The mechanics behind woodpeckers’ signature behavior has mystified biologists for many years. New research in Current Biology, however, reveals that woodpecker heads remain rigid and hammer-like throughout the pecking process, which contradicts past theories that their heads act as soft shock-absorbers.
A Hard-Headed Hammer
Woodpeckers drill into tree trunks for a variety of reasons. They peck to find food, hollow out their homes and communicate with one another in a behavior known as “drumming.” In the face of all this pecking, biologists have hypothesized broadly about woodpeckers’ ability to hammer their heads into the trees without hurting themselves. Over the years, they’ve settled on the theory that a spongy, malleable section of the woodpeckers’ skulls absorbed most of the force of the impact, like a shock-absorbing helmet.
To test the theory, a team of researchers studied the successive impacts involved in woodpecker pecking. They measured the decelerations of the successive impacts and analyzed them through biomechanical models. Researchers determined that the birds’ heads absorbed none of the impacts, challenging the traditional shock-absorption theory.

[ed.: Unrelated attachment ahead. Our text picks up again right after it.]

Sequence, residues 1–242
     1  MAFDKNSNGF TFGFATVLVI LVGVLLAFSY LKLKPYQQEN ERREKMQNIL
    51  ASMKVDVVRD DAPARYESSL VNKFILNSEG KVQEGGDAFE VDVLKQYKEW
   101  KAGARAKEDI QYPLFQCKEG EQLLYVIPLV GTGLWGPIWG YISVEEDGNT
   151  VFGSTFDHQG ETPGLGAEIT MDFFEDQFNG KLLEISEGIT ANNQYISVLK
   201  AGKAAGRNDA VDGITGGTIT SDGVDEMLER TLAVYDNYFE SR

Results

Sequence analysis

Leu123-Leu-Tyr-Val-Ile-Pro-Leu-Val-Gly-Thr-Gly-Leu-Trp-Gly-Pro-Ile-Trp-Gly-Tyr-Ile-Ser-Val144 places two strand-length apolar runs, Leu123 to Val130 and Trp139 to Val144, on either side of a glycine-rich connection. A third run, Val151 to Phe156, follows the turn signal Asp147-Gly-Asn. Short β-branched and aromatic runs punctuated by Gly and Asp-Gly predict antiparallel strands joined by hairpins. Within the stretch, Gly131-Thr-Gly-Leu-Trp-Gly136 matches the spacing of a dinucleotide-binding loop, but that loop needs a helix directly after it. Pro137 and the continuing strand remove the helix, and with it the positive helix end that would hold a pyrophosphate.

“By analyzing high-speed videos of three species of woodpecker, we found that woodpeckers do not absorb the shock of the impact,” says primary study author Sam Van Wassenbergh of Universiteit Antwerpen, Belgium, in a press release. “This myth of shock absorption in woodpeckers is now busted by our findings.”
Ultimately, the team concluded that shock absorbance was not only absent but would actually impede the birds if present. Any reductions in the power of their pecking would stand in the way of their ability to drill and drum into trees.
Protecting Bird Brains
More than refuting the traditional theories, the team’s findings also formulate new questions for researchers to investigate. For instance, without the protection of shock absorption, how do woodpeckers avoid hurting their heads?
Researchers found that the shape and size of the woodpeckers’ brains meant that the shocks from their pecking wouldn't reach the threshold of impact to cause concussions.
Woodpecker anatomy, the team says, is all set to withstand the pecking. “The absence of shock absorption does not mean their brains are in danger during the seemingly violent impacts,” Van Wassenbergh says in a press release. “Even the strongest shocks from the over 100 pecks that were analyzed should still be safe for the woodpeckers’ brains.”
The research, the team says, may reveal why woodpeckers are the size that they are. Although bigger woodpeckers with a stronger peck could drill into tree trunks more successfully, they would probably be more prone to concussions. At their current size, the researchers conclude, there’s no danger in woodpeckers continuing to peck away.